Recently I picked up an old hobby and started doing some embroidery again. It’s been a something fun to work on when I can’t always run away to my sewing room. I had been making mostly wall hangings and display pieces and then one night I got a note slid under my bedroom door. It was from my youngest daughter. It was a drawing of an outfit she designed with a nice little note asking if I could make it. It was a shirt with fruit on it. While I thought through all the ways I could make this a reality for her I settled on making patches. Patches have been becoming more popular again lately and it’s so fun that you can easily make your own.

The patches are nice and bold, and worked perfectly to make her design come to life.

To make a patch you will need:

To start, you will need to draw or trace your design on to the felt. I don’t fancy myself as much of a freehand artist so I usually trace. You can totally use a window for this, however I recently got a light board and it made this so much easier. I use it for tracing all of my embroidery patterns. So in this case I printed off some pictures of fruit to use for my patches. Then I traced them on to the felt using a regular pencil.

Once its all traced you just need to pick out your floss colors. Since I used the stiff felt there was no need to use an embroidery hoop or anything for this. You do need to be a little careful not to pull the stitches too tightly or you can warp and curl the felt.

For most of my embroidery projects I will use 2 strands (of the 6) however for these patches I used mostly 3 strands for a little thicker look. I stitch the whole design using a satin stitch. To do this you come up through the bottom, go across the area you are filling in (in the photo above it’s the seed) Then the needle will go down to the back. When you are coming back up to the front side you will come up right next to where you went down. You want the stitches to be very close together. I didn’t end up doing a video for this but if you need more of a visual you can search “satin stitch” on youtube and there are tons of great videos.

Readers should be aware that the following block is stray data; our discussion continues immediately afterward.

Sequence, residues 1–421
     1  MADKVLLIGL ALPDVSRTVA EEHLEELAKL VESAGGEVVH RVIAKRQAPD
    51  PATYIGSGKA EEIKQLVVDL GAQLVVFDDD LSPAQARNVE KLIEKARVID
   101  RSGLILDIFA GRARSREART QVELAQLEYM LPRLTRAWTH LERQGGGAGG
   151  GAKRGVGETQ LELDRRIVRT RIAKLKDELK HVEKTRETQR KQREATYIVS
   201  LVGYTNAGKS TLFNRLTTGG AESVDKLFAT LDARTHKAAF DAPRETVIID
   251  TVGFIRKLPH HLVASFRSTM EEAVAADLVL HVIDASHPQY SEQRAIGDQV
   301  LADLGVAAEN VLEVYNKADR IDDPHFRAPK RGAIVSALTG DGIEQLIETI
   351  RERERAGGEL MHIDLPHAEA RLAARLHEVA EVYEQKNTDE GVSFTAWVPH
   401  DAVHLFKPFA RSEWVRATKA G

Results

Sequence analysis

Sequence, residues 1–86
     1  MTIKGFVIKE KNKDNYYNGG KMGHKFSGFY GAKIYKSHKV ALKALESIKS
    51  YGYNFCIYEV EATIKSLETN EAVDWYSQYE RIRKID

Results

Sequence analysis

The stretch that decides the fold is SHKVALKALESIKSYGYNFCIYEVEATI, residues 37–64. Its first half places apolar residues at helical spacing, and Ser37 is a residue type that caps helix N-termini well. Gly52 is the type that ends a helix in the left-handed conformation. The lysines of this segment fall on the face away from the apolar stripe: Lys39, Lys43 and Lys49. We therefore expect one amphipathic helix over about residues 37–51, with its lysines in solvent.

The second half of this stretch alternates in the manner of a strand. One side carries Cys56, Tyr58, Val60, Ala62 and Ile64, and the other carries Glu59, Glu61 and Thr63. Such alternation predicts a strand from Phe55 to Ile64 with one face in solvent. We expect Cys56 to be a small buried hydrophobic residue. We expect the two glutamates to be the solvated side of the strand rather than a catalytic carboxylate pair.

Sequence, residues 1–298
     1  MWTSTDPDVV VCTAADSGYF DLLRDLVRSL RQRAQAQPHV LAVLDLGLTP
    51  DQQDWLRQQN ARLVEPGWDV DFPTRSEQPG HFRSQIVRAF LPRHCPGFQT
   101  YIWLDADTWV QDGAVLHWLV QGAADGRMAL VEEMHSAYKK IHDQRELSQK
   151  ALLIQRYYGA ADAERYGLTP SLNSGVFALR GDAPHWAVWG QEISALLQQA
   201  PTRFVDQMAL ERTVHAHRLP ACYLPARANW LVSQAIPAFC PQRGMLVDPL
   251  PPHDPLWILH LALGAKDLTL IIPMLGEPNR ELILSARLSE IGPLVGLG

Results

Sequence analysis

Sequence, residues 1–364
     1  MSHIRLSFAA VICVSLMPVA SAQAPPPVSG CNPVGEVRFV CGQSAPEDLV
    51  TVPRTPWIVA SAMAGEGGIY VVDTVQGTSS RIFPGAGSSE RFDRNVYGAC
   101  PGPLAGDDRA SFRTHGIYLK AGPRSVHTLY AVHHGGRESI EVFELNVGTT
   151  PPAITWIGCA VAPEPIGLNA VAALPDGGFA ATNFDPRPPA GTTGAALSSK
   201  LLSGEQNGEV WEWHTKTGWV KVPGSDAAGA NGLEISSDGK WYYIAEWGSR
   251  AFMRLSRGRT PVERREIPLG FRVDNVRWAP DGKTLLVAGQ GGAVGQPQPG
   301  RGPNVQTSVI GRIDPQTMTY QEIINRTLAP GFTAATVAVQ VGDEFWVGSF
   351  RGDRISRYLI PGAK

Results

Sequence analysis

You will continue making satin stitches to fill in all the areas and colors. You will notice that there are tiny little gaps in the green above. Sometimes it happens, once the patch is all done you won’t even notice so I don’t worry about it, if you notice stitches not as close together as you like you can always go back and fill in any gaps. They are just more noticeable in a close up high contrast bright photo than they are in real life. 🙂

For the main part of the watermelon the stitches start to get quite long. Normally this is no issue for say a wall hanging, however since this will be worn and bend and move with the clothing you will notice the stitches are loose and easy to snag. You can avoid this problem in a couple of ways. You can make shorter stitches across to fill in the area and then they will stay tight. Or you can secure the stitches down, which is what I prefer to do myself, it adds a little texture to the patch, that from far is hardly noticeable anyway and I find it’s the fastest and easiest.

To do that, you will add little stitches in the opposite direction over the long stitches. Scatter those stitches around.

Then you are done with your stitching. Next you will trim around the patch leaving a 1/8″ or so border around the stitching.

This next part is optional, but it is what makes the patch an iron-on patch. Press heatnbond to the back of the patch. This helps secure all stitches on the back of the patch (knots and all) as well as making it able to be ironed on to a piece of clothing, or bag, or any fabric surface. I ALWAYS sew around my patches to secure them even after ironing them in place. The iron-on claims it will hold but I never trust it. However being ironed on helps hold it securely in place while I sew it.

I thought I would show with the strawberry I used the “seeds” as the stitches to secure the main part of the strawberry which worked out nicely.

The felt around the edge is great for sewing the patch down but you can trim that as close to the stitches as you want, or stitch around the edge to cover it completely it’s up to you.

I used the Block Top Pattern to make a quick tee to put the patches on. Since the patches would be busy enough, I taped the pattern together overlapping the seam allowances so it was a solid top and sleeve instead of color blocked. Then I cut the sleeves short, (about 2″ past the under arm) and used the cropped length skipping the band and hemmed the bottom of the tee. I love the wide cropped fit with the slight hi-low hemline.

This girl is all smiles and giddy that a shirt she designed became real.